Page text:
Of all Chinese industries, the thermal, hydro and nuclear power industries have developed the most rapidly. In the 1990s, the installed capacity of generators increased from 100 million kw to 300 million kw, and to 315 million kw at the end of 2000. At the same time, the total generated electricity came to 1,478 billion kwh. The average annual growth rate of the installed capacity of generators registered 7.5 percent, and that of generated electricity, 9.4 percent.
The construction of power grids has entered the fastest development stage in history. Main power grids now cover all the cities and most rural areas of the country. Power grids of 500 kv have begun to replace the old 220-kv grids in undertaking cross-provincial and cross-regional transmission and exchange operations. An international advanced automatic control system with computers as the mainstay has been universally adopted, and has proved practical. The establishment of the six cross-provincial (or cross-autonomous regional) power grids, excluding those in northwestern China, and five independent provincial 500-kv main power grids, and the commissioning of a series of large power stations indicate that China’s power industry has entered a new era featuring large generating units, large power plants, large power grids, ultra-high voltage and automation.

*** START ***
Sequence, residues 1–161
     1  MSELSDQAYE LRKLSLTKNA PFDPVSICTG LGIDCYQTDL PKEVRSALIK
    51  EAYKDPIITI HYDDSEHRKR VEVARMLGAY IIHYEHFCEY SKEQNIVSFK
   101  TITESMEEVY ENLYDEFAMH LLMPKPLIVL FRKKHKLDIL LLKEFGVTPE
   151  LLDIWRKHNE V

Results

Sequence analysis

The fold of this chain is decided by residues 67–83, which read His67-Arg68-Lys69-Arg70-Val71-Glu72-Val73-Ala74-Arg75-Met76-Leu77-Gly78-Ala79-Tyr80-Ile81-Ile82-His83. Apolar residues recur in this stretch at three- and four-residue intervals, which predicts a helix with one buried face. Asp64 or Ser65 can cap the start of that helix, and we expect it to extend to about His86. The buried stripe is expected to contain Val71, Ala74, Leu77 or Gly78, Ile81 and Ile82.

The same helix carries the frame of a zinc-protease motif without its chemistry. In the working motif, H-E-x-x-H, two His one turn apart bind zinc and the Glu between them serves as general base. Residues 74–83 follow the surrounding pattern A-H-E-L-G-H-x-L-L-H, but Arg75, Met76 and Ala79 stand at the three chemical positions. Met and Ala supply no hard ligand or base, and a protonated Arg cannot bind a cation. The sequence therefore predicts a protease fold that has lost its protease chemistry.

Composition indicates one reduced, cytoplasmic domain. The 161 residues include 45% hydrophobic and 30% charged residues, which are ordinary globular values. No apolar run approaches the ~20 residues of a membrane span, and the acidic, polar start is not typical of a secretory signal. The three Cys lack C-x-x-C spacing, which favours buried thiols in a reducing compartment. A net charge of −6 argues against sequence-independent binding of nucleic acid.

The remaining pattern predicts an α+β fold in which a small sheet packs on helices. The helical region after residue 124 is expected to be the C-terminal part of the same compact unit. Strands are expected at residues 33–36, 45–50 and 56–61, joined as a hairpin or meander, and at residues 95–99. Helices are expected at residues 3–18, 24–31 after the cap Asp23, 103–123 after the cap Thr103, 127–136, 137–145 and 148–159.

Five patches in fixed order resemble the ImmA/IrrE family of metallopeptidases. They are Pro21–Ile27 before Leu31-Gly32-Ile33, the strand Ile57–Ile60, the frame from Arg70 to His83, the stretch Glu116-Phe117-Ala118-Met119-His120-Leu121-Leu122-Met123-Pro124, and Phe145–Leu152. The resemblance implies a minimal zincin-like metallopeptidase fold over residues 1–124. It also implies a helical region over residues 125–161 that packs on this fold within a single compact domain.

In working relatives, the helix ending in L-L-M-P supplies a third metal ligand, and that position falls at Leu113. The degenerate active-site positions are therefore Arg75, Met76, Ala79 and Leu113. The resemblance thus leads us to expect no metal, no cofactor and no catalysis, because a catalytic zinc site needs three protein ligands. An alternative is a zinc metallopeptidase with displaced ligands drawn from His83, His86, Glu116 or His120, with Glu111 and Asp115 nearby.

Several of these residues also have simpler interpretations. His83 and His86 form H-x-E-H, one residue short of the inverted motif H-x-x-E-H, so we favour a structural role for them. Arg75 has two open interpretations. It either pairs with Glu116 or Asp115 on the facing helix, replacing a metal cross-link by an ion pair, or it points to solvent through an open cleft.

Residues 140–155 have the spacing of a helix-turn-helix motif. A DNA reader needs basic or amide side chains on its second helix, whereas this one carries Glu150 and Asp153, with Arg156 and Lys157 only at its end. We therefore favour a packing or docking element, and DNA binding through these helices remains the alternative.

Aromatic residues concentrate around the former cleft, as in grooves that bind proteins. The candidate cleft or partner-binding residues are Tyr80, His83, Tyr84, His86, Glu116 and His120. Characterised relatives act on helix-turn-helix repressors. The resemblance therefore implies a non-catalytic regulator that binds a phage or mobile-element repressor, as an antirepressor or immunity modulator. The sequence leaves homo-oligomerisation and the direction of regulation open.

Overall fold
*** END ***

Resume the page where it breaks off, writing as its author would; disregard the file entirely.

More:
The technological level of the coal industry has constantly improved. Now, China has the ability to design, construct, equip and administer 10-million-ton opencut coal mines and large and medium-sized mining areas. China’s coal washing and dressing technologies and abilities have constantly improved and coal liquefaction and underground gasification are being introduced. In 2001, China exported over 80 million tons of coal, becoming the second largest coal exporting country in the world.